By Bernard Hickey
Finance Minister Bill English has denied demand from non-resident investors is a major cause of house price inflation, instead arguing that 'anti-sprawl' planning policies supported by the Green Party were more to blame than buying from China.
English was asked in Parliamentary question time by Green Party Co-Leader Russel Norman about a recent BNZ REINZ survey showing non-resident buying was responsible for up to 10% of purchases and that buying from China had risen to become 25% of non-resident buying.
"The BNZ survey I saw said it was about 6 houses in every 100 that are foreign purchased, and about a quarter of those are being purchased by Chinese, which means one and a half houses in every 100 may be being purchased by people that real estate agents think are residents of China," English said.
Norman asked at what proportion of sales the Government would consider foreign buying to be a problem.
"We don't have the same problem about them being foreign as the Greens do. What we have a problem with is the very high cost of housing in New Zealand to New Zealanders and all the analysis shows that the fundamental driver of the high cost of housing is not the Greens' friends from China, it is the Greens' friends in the planning departments of our City Councils who insist on blocking new development of new housing," English said.
"So the Greens are a much bigger enemy of affordability of housing in New Zealand than the Chinese have ever been," he said.
Norman then asked if increasing demand from foreign home buyers increased prices "or is this a special kind of market where a big increase in demand has no effect on prices?"
English said it was not clear there had been an increase in demand from foreign buyers.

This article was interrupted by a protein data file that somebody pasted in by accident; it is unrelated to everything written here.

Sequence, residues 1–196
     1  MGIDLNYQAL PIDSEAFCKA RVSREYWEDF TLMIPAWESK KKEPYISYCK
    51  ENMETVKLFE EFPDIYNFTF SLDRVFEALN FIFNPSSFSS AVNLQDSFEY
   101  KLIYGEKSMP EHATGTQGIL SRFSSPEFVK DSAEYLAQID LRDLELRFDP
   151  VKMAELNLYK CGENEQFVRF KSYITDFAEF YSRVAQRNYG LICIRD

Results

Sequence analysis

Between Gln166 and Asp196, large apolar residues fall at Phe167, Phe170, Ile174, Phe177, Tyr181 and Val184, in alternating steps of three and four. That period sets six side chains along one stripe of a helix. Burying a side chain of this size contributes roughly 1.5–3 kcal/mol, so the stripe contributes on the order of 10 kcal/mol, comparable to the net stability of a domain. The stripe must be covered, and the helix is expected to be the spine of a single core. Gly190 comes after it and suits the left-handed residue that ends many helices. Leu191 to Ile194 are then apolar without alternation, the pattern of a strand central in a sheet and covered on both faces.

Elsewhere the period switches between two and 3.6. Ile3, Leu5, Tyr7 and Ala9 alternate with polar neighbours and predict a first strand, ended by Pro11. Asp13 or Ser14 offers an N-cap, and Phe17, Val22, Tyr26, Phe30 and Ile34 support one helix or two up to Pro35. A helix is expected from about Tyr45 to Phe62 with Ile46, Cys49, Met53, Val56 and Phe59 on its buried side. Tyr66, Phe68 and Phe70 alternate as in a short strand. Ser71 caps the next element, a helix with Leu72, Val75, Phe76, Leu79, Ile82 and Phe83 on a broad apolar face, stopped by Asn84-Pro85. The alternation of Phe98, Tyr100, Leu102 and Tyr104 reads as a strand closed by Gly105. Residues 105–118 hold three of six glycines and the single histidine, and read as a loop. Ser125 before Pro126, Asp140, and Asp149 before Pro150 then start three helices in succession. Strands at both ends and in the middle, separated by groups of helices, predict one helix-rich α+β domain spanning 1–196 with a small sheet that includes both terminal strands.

"It's not obvious that there's a big increase in demand from offshore buyers. There's some anecdotal evidence that that is the case and I know it's certainly believed by some people, but it's yet to be established," English said.
"The fundamental driver of the increase in housing is the restrictive planning policy, which means that when there's more demand, whether it's foreign, or in this case New Zealanders who have stopped migrating and are staying home, and more people who are arriving in New Zealand as migrants, when those factors of demand are rising, the supply cannot react to it," he said.
"All around the world more restrictive planning mean higher prices and more volatile prices and the Greens back that kind of policy. They should be backing the Government on getting rid of that kind of policy if they're really concerned about locking low and middle income New Zealanders out of the housing market."
Norman then asked English if he agreed with Auckland real estate agent Adam Wang that "ambiguous laws" around capital gains taxes were helping drive an increase in foreign buying.
English said he couldn't understand why Green policies supported policies that "have the effect of driving the value of leafy suburbs at the expense of middle income and low income New Zealanders."